KBOR approves 2% tuition increase at Wichita State; fees stay flat



Morrison Hall on the campus of Wichita State University.

The Kansas Board of Regents on Thursday approved Wichita State University’s tuition and fees proposal for the 2021 fiscal year. 

The proposal includes a 2% tuition raise and no increases to mandatory student fees. President Jay Golden unveiled the plan last month, saying the tuition increase and a list of cost-saving measures will help make up for lost revenue this fiscal year. 

“We are, by far, still the most affordable research institution in the region and amongst our peers,” Golden said on Wednesday in a presentation to KBOR.

The proposal was approved as universities across Kansas and the United States brace not only for lost revenue, but for potential drops in enrollment and state funding.

WSU is estimating a headcount of about 15,592 students this fall, down 466 from last year’s count, according to the tuition and fees proposal submitted to KBOR.

“An enrollment decline is certainly projected at most of our universities,” Regent Mark Hutton said on Wednesday at KBOR’s monthly two-day meeting.

WSU’s tuition increase is expected to cost about $67 per semester for residential undergraduate students taking 15 credit hours. Non-residential undergraduate students can expect an increase of about $159 for the same course load. 

The bump in tuition is expected to generate about $1.7 million and will help cover a $1 million increase to student scholarships, as well as the university’s overall response to the pandemic’s financial impact. 

“I understand that this is difficult news,” Golden wrote May 28 in a letter to the campus community. “Please be assured that the decision to make this recommendation was not done without significant conversation with the Division of Finance and Administration, the university budget advisory committee and students.”

“It was also not done without exploring many or other possible alternatives and the impact on our students.”

With the tuition increase, the university is still expecting about $5.1 million in lost tuition revenue. To alleviate the shortfall, the university is also employing a list of cost-saving measures, including:

  • A hiring freeze and restrictions on discretionary spending that began in April 
  • A 2% budget cut to each division of the university for the 2021 fiscal year and internal reallocations (approx. $3 million) 
  • Setting aside funds for budgeted expenses that did not occur in the 2020 fiscal year (approx. $2.5 million)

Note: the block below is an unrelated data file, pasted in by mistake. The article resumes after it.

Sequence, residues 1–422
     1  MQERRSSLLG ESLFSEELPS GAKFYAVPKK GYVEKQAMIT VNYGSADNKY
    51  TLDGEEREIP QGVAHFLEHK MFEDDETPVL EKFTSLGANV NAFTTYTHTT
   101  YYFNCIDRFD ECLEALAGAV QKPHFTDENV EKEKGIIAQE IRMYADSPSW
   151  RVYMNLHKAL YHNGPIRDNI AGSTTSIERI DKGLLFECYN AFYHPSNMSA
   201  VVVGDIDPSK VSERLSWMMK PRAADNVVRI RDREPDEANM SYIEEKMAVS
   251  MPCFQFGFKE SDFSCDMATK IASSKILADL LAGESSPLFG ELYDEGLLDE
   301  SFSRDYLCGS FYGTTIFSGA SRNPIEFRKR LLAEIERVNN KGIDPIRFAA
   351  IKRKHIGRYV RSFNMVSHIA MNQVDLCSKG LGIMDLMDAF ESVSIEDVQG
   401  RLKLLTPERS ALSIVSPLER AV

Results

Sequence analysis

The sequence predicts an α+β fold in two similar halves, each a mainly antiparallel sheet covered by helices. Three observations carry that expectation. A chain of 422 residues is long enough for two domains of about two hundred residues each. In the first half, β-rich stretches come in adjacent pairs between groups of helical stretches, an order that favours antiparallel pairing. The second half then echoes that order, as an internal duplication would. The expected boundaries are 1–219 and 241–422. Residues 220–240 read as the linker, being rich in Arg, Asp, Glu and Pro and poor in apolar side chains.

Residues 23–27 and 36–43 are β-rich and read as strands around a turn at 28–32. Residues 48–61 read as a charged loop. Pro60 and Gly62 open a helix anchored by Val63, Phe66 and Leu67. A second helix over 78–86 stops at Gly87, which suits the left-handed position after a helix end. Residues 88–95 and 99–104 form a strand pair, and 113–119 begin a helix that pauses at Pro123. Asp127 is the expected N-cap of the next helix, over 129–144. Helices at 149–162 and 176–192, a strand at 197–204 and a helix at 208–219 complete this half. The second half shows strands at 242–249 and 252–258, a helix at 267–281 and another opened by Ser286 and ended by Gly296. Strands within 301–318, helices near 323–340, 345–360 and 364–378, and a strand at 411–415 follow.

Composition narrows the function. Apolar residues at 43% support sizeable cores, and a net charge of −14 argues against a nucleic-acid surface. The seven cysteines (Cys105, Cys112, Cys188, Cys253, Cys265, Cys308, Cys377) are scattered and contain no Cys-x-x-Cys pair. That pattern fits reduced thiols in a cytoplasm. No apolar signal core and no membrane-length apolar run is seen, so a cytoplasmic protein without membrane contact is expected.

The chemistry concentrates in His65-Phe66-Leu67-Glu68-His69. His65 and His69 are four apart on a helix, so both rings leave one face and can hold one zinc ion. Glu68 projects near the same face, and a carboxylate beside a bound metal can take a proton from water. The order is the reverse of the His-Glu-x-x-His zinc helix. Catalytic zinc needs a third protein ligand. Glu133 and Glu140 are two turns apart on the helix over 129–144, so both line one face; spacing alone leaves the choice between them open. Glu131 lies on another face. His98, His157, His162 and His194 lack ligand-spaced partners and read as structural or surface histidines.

• Voluntary temporary athletic furloughs for academic deans and temporary salary reductions for university executives and coaching staff (approx. $100,000) 
  • A review process for new hires

Fort Hays State, Pittsburg State and Emporia State universities are moving forward with small increases to tuition, while Kansas State University and the University of Kansas are keeping tuition flat.

The regents also gave universities the authority to lower tuition rates for the upcoming fiscal year, if they so choose.

KU Chancellor Doug Girod said Thursday that flexibility will be helpful if universities have to move online again in the fall.

“In the unfortunate event that we find ourselves having to shut down campuses and going online again, … we probably, including out-of-state, would not be well positioned to charge our usual rates,” he said.

Blake Flanders, KBOR president and CEO, said the upcoming fiscal year is likely to be a tough one for universities.

“These are going to be challenging times, without doubt the most challenging year coming up from a fiscal point since I’ve been on the board, for sure,” Flanders said. “And maybe even in the history of our institutions.”

The regents on Wednesday also approved Wichita State’s request to build a $3.4 million addition to the Marcus Welcome Center.

CORRECTION: An earlier version of this story understated the university’s expected headcount decline for the fall semester. The Sunflower regrets the error. 

Click here for the the university’s full tuition and fees proposal.